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In this article, Colombian writer Antonio Montaña provides an overview of the work and artistic career of Enrique Grau. He begins by mentioning the Salón de los XXVI held in the late forties, in which Grau, along with other artists committed to Modern art in Colombia, took part. Montaña emphasizes the way Grau places figures in a symbolic space and turns them into allegories. He also discusses the range of activities in which Grau engaged: in addition to painting, he designed posters, wardrobes and stage sets, and worked on a number of film projects. In Montaña’s view, the pictorial lyricism in Grau’s work indicates the privileging of the sensual over the intellectual. Montaña also analyzes the centrality and importance of the figure of the woman to Grua’s work. He assesses Grua’s passage to the sculpture medium in the late seventies out of the need to endow the female figure already present in his painting with greater subjectivity. The article becomes poetic towards the end when it discusses the enormous contribution that Grau made to Colombian art, particularly in terms of his treatment of form and his creation of new visual worlds.
This article was published in the Lecturas Dominicales, or Sunday Readings, section of Bogotá-based newspaper El Tiempo on April 11, 2004, ten days after the death of Enrique Grau (b. 1932), a key figure in the consolidation of Modern art in Colombia. Because it is an obituary, the text is rich in metaphor; it makes use of sonorous language as it pays tribute and voices profound respect. Antonio Montaña strives to present the artist as a magician of form and as a steadfast and always poetic innovator who, on the basis of figuration, depicted the depths of the human soul. Indeed, Montaña compares Grua’s creative process to that of a musician.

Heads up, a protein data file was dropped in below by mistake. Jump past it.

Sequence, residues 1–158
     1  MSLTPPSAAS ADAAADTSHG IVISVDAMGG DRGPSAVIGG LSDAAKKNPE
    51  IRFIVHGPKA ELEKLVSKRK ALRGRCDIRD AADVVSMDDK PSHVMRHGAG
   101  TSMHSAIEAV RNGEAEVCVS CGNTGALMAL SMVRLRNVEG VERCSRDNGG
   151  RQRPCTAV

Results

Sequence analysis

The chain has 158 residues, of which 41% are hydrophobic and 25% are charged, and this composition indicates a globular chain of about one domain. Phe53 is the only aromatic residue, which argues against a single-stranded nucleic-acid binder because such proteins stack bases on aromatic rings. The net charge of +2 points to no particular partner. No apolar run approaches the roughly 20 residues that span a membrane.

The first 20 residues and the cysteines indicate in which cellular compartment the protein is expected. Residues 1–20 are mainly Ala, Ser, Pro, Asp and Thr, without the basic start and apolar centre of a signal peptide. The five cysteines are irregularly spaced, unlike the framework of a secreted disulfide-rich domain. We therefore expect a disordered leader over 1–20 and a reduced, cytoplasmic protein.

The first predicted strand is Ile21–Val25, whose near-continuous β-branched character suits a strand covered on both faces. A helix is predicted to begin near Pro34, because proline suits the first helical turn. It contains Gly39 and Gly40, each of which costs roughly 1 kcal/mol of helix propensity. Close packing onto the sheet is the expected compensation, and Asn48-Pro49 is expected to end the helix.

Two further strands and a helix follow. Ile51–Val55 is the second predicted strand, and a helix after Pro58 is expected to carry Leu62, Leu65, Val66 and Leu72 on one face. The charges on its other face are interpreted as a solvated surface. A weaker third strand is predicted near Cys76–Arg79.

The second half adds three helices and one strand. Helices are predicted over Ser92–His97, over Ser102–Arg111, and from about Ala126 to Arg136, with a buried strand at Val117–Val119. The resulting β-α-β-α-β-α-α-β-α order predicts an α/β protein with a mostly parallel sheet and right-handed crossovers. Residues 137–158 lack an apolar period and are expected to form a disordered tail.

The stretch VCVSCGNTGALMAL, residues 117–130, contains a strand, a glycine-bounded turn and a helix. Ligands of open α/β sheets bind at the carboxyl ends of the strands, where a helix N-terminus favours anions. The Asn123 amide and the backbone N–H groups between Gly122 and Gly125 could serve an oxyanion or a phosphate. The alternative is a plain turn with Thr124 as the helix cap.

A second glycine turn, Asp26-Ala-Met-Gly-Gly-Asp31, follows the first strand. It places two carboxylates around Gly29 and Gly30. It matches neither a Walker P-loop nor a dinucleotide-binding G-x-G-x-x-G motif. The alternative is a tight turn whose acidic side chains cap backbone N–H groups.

Grau first gained public recognition in 1940 at the first Salón de Artistas Colombianos, where his work Mulata cartagenera [Mulatta from Cartagena] was awarded an honorable mention. In 1948, he and Alejandro Obregón (1920-1992) organized the Salón de los XXVI, a show of young artists held during the tenure of conservative president Mariano Ospina (1891-1976). In the sixties and seventies, Grau’s work was focused on the human figure, which eventually led him into three-dimensionality and an exploration of sculptural languages. In paying tribute to Grau’s memory, Montaña places emphasis on all of these facets of Grau’s production and on the important place he occupies in the history of 20th-century Colombian art.
This article emphatically demonstrates the importance of Enrique Grau to contemporary art from Colombia.